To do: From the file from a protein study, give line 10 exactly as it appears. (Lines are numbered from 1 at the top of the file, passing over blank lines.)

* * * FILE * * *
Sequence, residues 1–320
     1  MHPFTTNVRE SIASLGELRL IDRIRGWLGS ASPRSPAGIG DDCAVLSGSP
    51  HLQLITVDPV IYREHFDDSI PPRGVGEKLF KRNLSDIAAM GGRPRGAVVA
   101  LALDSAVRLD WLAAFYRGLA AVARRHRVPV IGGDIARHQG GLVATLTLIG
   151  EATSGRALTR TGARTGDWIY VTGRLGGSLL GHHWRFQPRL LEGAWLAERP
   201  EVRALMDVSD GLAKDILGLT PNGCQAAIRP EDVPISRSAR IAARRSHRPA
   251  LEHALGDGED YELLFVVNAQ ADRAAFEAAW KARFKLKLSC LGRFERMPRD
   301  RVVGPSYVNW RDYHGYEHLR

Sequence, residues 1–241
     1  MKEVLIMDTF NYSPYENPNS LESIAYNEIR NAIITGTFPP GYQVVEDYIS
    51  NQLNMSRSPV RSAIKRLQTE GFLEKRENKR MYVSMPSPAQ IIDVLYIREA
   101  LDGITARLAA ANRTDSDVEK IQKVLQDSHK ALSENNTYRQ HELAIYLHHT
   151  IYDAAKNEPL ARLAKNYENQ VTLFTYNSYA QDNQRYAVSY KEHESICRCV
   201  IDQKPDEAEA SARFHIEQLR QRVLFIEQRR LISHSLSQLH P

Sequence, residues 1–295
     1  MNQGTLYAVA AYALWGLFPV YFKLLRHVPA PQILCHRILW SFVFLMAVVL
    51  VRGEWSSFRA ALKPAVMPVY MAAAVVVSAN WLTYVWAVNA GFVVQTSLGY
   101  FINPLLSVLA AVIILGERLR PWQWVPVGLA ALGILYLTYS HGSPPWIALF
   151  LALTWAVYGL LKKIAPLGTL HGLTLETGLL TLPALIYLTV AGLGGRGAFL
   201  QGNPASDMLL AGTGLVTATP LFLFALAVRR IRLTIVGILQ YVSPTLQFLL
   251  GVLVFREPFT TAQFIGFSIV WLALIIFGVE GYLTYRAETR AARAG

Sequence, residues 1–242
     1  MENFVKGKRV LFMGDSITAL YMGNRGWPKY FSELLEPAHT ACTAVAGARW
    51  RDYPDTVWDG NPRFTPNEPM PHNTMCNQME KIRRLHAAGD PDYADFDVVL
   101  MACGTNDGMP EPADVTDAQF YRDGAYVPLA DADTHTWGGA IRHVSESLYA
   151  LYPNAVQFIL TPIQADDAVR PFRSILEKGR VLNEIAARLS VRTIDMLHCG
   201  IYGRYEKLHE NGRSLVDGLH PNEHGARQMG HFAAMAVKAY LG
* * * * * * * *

     1  MKEVLIMDTF NYSPYENPNS LESIAYNEIR NAIITGTFPP GYQVVEDYIS